Of the films Lee Marvin almost made, one of the standouts is a project in which he would have costarred with Anthony Quinn and been directed by….John Cassavetes! Readers of Lee Marvin Point Blank have commented to this author on how much they enjoyed the appendix in which films the actor almost made are listed but some have questioned the veracity among the titles. I can assure one and all they are indeed documented as the Marvin-Quinn-Cassavetes project is proof of below.
Actually, Marvin and Quinn had worked together briefly in the early 50s western Seminole (1953) with Marvin in little more than a glorified cameo. However, on the face of it, Marvin and Quinn may seem an unlikely pairing based on their different cinematic appeal. Quinn was ethnic and earthy, while Marvin came off more weather-beaten and militaristic.
Their screen differences aside, Marvin was actually cast in a role meant for the Mexican-Irish actor. According to novelist, JPS Brown, author of the autobiographical novel Jim Kane which was the basis for Pocket Money (1972), Marvin’s character of Leonard, opposite Paul Newman, told me that Leonard was based on Brown’s Mexican business partner:

Lee Marvin as Leonard in Pocket Money, originally meant to be played by Anthony Quinn.

“His name was Andres Canye. He’s the character they tried to base Lee Marvin’s character on. They called him Leonard. I called him ‘The Lion’ in Jim Kane. So they got Leonard from that. A lot of imagination there, don’t you think? There’s only one Gato Canyes [‘Big Cat’] in the world….A man that knew the name of every plant, every weed, every grass, every rock. He knew the medicinal capabilities of everything on the range. He knew the mountains…he lived there in those mountains on horseback. He was a real man. In Pocket Money, here’s the two big gringos on great big stout horses. ….Gatos Canyes was just a great, big, course-looking Anthony Quinn. Really. And Anthony Quinn really liked the book.”
It was actor/director John Cassavetes who thought Quinn and Marvin might work well together. Marvin and Cassavetes had of course, worked together in The Killers (1964), and a few years later in The Dirty Dozen (1967). In discussing his career on the set of Emperor of the North (1973) for Rolling Stone’s Grover Lewis, Marvin opined: “Remember Cassavetes in The Dirty Dozen? Jeez, he was sensational in that. Then you go see Husbands and you have to say ‘What are you tawkin’ about Jawn?’ I mean, he’s a bizarre little guy. Very juicy. John’s a violent little Greek, is what he is.”

Actor/director John Cassavetes around the time he considered pairing Marvin and Quinn.

Grover Lewis also interviewed Cassavetes the same year who at the time mentioned teaming himself with Marvin and George C. Scott. He said at the time, “Maybe it’ll happen. Who knows? The thing about acting is…Well, I like to do it.”

Over a decade later,  when asked about Cassavetes in a 1986 Orange County Register interview, Lee Marvin said:

Renaissance man Anthony Quinn in The Secret of Santa Vittoria, or as he may have looked barhopping the Midwest with Lee Marvin.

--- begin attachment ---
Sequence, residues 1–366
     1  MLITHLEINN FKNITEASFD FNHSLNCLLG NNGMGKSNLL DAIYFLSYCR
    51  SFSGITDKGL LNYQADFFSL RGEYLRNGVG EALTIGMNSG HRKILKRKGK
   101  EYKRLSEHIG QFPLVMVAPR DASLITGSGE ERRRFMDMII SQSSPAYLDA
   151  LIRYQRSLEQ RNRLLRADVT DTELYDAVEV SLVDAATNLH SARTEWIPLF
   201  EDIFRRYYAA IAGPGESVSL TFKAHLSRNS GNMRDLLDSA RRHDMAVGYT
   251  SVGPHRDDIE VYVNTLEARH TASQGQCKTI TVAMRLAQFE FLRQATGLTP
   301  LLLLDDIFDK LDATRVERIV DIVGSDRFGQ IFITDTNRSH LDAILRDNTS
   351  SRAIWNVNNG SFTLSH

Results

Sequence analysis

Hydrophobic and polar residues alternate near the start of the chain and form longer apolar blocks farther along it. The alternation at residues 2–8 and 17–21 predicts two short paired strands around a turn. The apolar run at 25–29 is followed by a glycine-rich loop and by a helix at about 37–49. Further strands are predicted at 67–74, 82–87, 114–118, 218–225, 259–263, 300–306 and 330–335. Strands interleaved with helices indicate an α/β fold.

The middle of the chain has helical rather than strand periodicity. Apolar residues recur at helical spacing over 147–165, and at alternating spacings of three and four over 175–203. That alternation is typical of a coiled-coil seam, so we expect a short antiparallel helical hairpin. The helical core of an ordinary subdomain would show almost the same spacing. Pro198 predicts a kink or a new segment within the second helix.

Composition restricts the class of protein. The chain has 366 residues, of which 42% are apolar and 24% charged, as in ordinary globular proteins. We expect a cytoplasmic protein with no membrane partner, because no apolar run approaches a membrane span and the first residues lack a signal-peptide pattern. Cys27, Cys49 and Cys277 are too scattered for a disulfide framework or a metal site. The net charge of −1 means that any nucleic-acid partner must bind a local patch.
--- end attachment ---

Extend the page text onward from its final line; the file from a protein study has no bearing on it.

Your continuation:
“A wild greek. He wanted to get Tony Quinn and me to travel around the country, stop in all these honky-tonk bars, then he’d write a story based on all that and we’d go shoot it. I said, ‘No, John. Please. Oh, Jesus please, no. I don’t wanna die in some barroom brawl in the Midwest.'”

One can certainly understand Marvin’s feelings but it still leaves one wondering. As the old verse goes:
“Of all the words of tongue or pen,
the saddest of these:
‘What might have been.'”

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I’ve come across countless articles on Lee Marvin over the years that proved both enlightening and quotable. However, it was the cover stories that proved to be the most striking. He contiued to be the fodder of periodicals (both good & bad) throughout his life, and in spite of his offbeat looks and aging appearance, putting his visage on the cover still managed to sell magazines.

For example, in 1981, when the controversial magazine Soldier of Fortune wanted to salute their favorite war films, they chose the following cover image….


The return to film making of maverick writer/director Sam Fuller in 1979 with his autobiographical The Big Red One was something American Film magazine thought worthy of in-depth coverage. Did they put the cigar-chomping Fuller on the cover? The answer is below…..


In the mid-to-late 80s, Marvin was livivng in sem-retirement in the Tucson desert but articles in both Rolling Stone and Parade reminded readers of the man’s importance. Below, is the 1986 Parade cover story, “How Getting Shot Saved Lee Marvin’s Life,” printed a year before his passing….


Since his death in 1987, Marvin’s image continued to enlived appropriately themed magazines. When friend & director John Boorman debuted his Lee Marvin documentary “A Personal Portrait” to American viewers in 1998, AMC subscribers saw this cover, an image, by the way that was seriously considered for the cover of Lee Marvin: Point Blank……


That same year, the British magazine Sight & Sound paid their own homage to Marvin with this oversized periodical…..


It’s been several decades since the great man’s passing, but when an appropriate magazine discovers a lost interview with Marvin in 2009, in spite of other articles, only one image could possibly grace its cover. With such ongoing remembrances, his image will continue to live on!

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